Personally, where do you draw inspiration as a leader?

Nature: the environment can teach us a lot about connectedness, adaptability, systems thinking, relationships. It is also where I draw energy and renewal from.

And people. I’m curious and interested in others, especially those with different experiences to me. I draw inspiration from those who do not seek recognition, the unsung heroes. I am inspired by community leaders who give their time for little external recognition. I am also inspired by young people who find themselves in incredibly difficult situations, including those who find themselves carers when they are still teenagers. I am inspired by people who keep getting up regardless of their circumstances, the asylum seekers and the refugees who become community leaders, who take great personal risks so their children can have better lives than they have had.

If you could tell your younger self one thing, what would it be?

Don’t rush into ‘proper employment’ after graduating from university. Take that extra year or two and see more of the world and live as big as you can. Say yes to more adventure and stop comparing yourself to what others are doing.

How do you recharge your batteries so that you can perform in such a high-profile role?

I find the love in what I do, whether it be watching TV with my children, going on holiday with my family, or training for half marathons. When I stop loving my work it will be time for me to go on another adventure, as Bass Coast and the role I have is too important to not give it my fullest energy, enthusiasm, productivity and creativity.

Caramel Slice on a table with a teacup in the background
Caramel Slice

By Jacqueline McGrath, Special Counsel, Tax

This recipe produces my preferred caramel-to-chocolate ratio – ie more caramel! There are never leftovers when I take this slice to a party.


  • 125g unsalted butter (melted)

  • ½ cup desiccated coconut

  • ½ cup brown sugar 1 cup plain flour

  • 1 tsp cinnamon


  • 125g unsalted butter
  • 1/3 cup golden syrup
  • 2 cans sweetened condensed milk

Chocolate topping

  • 100g Lindt 70% dark chocolate

  • 100g Lindt creamy milk chocolate

  • 2tsp vegetable oil (this stops the chocolate from cracking when cutting into pieces)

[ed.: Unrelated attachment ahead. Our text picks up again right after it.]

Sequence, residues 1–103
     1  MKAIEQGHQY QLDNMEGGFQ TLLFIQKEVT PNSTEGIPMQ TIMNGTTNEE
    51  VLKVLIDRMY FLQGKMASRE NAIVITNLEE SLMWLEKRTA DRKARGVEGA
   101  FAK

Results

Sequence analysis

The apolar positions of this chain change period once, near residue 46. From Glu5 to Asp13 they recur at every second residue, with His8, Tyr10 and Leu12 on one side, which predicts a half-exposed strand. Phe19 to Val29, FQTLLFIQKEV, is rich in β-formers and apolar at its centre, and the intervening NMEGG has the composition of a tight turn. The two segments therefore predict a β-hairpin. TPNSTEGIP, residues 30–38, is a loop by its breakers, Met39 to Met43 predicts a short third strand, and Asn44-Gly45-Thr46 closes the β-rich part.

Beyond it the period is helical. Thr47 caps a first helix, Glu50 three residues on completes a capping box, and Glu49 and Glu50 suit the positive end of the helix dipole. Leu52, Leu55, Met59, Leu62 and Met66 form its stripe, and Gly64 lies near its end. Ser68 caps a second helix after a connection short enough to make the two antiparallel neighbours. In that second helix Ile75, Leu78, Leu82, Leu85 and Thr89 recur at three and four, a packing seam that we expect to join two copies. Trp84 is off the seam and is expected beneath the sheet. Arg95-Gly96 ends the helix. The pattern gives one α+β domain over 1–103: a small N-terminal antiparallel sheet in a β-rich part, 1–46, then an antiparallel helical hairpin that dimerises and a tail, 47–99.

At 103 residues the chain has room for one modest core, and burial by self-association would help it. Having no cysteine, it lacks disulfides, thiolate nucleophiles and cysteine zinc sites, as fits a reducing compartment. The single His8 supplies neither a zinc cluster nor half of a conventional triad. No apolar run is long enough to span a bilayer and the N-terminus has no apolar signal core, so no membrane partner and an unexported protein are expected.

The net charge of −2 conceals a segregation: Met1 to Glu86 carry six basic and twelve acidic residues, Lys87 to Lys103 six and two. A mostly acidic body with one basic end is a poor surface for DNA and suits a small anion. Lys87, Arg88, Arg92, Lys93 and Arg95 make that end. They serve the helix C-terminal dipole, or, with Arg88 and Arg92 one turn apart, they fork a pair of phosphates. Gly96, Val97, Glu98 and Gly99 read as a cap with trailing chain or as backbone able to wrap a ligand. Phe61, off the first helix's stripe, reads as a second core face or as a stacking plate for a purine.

Preheat oven to 175°C (fan forced), and line a rectangular baking tray (20cm x 30cm) with baking paper.

For the base, combine the melted butter, coconut, flour, cinnamon and brown sugar in a bowl. Stir until combined.

Press the mixture into the baking tray, and bake for 15 minutes until slightly golden on the edges. Remove from the oven, but keep the oven on.

For the caramel, add butter, condensed milk and golden syrup to saucepan. Stir over medium heat until the butter is melted and the mixture slightly thickened. This should not be longer than 3-5 minutes.

Pour the caramel directly over the base. Place back in the oven for 20 minutes until bubbling and golden. Remove from oven and let sit until cooled to room temperature.

For the chocolate topping, add chocolate and vegetable oil to a saucepan and melt the mixture over a very (very) low heat.

Pour the topping over the caramel. Place the slice in the fridge for about an hour, or until chocolate is no longer soft to touch.

Remove from the tin, slice, and enjoy!

Tech Week with Victor Dominello
Tom McMahon, Ben Hamilton, John Gray, Victor Dominello, Natasha Doherty, Paul Franklin and Jenny Young

In August, Hall & Wilcox’s Technology and Digital Economy industry group hosted our inaugural Tech Week where over five days industry experts explored the latest issues in technology, innovation and the law.

NSW Minister for Digital and Customer Service Victor Dominello MP delivered the keynote speech launching the week, and across five sessions, tech leaders discussed the most important recent issues and trends, such as blockchain and crypto, the Consumer Data Right, the outlook for mergers and acquisitions in the digital technology industry, and how corporate and government leaders can use technology innovatively to solve problems and drive change.

To learn more, visit our Tech Week page.

Dr Rachel Howard
Dr Rachel Howard

By Dr Rachel Howard

Dr Rachel Howard is an independent consultant who specialises in advising on women and education.